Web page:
Phylum: Magnoliophyta - Class: Equisetopsida - Order: Apiales - Family: Apiaceae
Great Masterwort is one of the most beautiful members of the family Apiaceae, but at a casual glance it is not at all obvious that it belongs to the Carrot family.
Great Masterwort can grow to a height of 90cm, but plants 50 to 60cm tall are more typical. The flowers of this perennial, hairless herb can be pink or greenish-white and are borne in dense unbels. The inner flowers, which are about 1mm across, are hermaphrodite while those at the edge of the umbel are male; they each have five petals and five long stamens. .
This lovely wildflower can be found in a number of European countries and will grow in altitudes of up to 2000 metres above sea level. Its territory in Europe extends from as far north as Sweden ansouth to include the Alps in Austria and Switerland, and the Julian Alps in Slovenia. To the east its range extends into western Asia. In Britain Great Masterwort is found only as a garden escape that has become naturalised.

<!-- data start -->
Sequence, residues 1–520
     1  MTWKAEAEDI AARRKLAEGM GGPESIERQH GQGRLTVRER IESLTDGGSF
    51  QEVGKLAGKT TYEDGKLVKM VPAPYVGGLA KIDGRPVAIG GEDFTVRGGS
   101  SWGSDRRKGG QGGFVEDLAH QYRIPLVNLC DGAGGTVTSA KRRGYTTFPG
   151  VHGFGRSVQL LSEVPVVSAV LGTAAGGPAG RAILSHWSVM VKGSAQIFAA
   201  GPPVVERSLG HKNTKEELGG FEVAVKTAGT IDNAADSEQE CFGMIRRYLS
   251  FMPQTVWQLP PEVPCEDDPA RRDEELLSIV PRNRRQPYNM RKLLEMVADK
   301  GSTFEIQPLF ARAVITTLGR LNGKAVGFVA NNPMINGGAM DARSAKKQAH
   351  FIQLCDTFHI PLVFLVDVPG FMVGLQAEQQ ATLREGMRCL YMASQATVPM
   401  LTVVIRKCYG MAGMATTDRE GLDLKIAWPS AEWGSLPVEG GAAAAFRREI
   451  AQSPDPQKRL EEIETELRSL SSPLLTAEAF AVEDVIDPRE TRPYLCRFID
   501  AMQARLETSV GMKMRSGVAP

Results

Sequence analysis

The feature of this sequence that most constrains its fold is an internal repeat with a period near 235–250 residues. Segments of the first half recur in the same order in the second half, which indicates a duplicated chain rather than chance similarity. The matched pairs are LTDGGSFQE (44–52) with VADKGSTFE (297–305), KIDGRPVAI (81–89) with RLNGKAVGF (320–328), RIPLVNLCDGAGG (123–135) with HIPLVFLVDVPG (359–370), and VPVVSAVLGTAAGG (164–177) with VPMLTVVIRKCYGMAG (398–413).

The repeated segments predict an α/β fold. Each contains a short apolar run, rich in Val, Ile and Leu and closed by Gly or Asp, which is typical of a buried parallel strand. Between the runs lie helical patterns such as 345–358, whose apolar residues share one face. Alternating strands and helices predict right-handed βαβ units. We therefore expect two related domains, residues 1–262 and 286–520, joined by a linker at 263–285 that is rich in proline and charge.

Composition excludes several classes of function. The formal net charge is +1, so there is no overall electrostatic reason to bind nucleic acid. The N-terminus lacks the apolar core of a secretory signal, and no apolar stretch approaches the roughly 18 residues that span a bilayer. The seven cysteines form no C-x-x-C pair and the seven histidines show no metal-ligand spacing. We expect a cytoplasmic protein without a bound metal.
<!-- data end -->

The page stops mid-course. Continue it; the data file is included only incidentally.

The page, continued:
In the wild Astrantia major grows in dry to slightly moist conditions in open sunny positions in meadows, and sometimes on woodland edges. Astrantia major prefers calcareous substrates, unlike its smaller relative, Astrantia minor, which can tolerate slightly more acidic conditions.
Great Masterwort flowers from mid-June until the middle of September. The specimens shown on this page were photographed in Slovenia in July.
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